Uruguay eyes Samurai bond sale
April 17, 2020 |
Government works with JBIC on potential yen-denominated issues to face the coronavirus crisis
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Uruguay has signed a three-year memorandum of understanding with the Japan Bank for International Cooperation (JBIC) to work together on the sale of yen-denominated bonds, a move aimed at raising funds to contend with the impact of the coronavirus on the economy.
"Given the extraordinary situation that the republic is currently going through, it is necessary to go to new sources of financing, including the financial market in Japan," the Economy Ministry said in a resolution signed by President Luis Lacalle Pou and Economy Minister Azucena Arbeleche.
Over the past few months, the government has discussed the possibility of JBIC participating as "an investor in future sovereign bond issues in yen by Uruguay" and also arrange investments by Japanese companies in projects, including the use of hydrogen as a clean source of energy, according to the resolution.
In May 2011, when Uruguay last sold yen-denominated notes, it issued JPY40 billion ($493 million at the time) in 10-year bonds with a coupon of 1.64% and a 95% guarantee from JBIC. It also had JBIC support when it sold JPY30 billion worth of 10-year bonds in its second trip to the Samurai bond market in March 2007. Uruguay first sold sovereign notes in the Japanese bond market in 2001.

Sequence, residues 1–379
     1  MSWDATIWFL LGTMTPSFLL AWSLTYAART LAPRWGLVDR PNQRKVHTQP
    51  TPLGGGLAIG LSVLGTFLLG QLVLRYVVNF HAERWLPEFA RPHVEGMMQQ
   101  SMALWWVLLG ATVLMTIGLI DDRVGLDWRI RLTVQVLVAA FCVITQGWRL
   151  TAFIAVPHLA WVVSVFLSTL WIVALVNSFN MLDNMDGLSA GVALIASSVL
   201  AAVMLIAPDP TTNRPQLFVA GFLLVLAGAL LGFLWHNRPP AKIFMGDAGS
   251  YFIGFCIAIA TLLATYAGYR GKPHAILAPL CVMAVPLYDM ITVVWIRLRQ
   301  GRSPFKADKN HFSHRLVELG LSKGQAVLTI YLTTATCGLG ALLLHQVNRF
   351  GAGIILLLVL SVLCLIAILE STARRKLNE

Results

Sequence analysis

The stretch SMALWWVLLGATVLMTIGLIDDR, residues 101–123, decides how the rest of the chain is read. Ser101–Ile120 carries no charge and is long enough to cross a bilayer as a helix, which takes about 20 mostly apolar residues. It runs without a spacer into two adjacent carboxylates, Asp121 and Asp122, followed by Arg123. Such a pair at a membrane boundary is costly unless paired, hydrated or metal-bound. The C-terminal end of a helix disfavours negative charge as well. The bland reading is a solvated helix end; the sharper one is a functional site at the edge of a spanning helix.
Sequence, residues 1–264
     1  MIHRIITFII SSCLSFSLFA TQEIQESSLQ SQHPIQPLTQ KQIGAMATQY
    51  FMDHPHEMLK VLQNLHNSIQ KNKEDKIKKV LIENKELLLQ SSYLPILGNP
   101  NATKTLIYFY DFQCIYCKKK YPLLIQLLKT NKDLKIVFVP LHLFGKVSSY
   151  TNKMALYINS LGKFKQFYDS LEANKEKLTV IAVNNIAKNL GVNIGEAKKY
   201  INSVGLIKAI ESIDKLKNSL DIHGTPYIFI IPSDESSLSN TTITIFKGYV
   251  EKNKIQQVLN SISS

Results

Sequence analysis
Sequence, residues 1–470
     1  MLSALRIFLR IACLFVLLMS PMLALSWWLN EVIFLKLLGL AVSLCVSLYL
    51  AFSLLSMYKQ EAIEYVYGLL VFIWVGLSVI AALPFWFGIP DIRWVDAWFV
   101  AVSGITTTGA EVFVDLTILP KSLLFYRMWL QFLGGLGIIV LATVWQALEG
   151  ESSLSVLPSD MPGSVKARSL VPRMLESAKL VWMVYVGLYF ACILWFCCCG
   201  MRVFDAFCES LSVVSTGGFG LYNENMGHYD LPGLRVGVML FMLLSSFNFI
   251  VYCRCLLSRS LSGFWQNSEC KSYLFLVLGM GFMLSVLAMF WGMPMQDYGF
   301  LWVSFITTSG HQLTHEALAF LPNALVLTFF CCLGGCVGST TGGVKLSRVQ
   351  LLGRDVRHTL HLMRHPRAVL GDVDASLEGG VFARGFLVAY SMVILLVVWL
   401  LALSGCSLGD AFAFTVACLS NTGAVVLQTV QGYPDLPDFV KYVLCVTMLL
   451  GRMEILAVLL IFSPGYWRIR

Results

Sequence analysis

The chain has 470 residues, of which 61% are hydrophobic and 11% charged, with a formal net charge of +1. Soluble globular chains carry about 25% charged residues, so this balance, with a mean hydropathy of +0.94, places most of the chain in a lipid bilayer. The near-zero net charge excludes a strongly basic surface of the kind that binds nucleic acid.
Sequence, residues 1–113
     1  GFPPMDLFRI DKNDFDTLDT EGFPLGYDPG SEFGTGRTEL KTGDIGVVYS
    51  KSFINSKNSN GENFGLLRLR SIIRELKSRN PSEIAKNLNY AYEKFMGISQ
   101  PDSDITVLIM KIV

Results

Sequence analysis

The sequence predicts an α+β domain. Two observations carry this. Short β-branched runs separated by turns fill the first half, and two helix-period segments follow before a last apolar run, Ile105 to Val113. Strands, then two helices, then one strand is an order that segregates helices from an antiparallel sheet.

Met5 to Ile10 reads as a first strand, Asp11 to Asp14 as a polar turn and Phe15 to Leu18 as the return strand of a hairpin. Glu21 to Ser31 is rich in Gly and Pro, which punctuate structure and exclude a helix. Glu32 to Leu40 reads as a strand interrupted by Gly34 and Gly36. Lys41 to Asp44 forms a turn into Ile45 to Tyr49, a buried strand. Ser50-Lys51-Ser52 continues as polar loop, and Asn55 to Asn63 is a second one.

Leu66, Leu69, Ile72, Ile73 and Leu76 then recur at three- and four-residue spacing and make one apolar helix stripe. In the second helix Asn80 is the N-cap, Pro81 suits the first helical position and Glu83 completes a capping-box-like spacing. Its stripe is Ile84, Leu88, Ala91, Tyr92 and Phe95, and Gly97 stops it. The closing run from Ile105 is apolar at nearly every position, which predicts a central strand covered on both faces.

As the number of confirmed coronavirus cases in Uruguay has surged to 493 from just one in early March, according to the Johns Hopkins Coronavirus Resource Center, the government has focused on raising funds from multilateral lenders to deal with the pandemic.
In late March, the country borrowed $125 million from the Inter-American Development Bank (IDB) to respond to the health crisis and support efforts to revive the economy, including by providing credit to small and medium-sized businesses.
Arbeleche also said in late March that the country was seeking $2.5 billion in credit from multilateral lenders such as the IDB, the World Bank, the South American development bank CAF and Fonplata, a regional development bank for the Río de la Plata basin.
With the decline in international interest rates over the past few months, according to Arbeleche, Uruguay has the opportunity to issue bonds at lower costs. The 10-year US Treasury bond yield, an indicator of international rates, dropped nearly 70% to 0.595% on Thursday from 1.921% at the start of the year.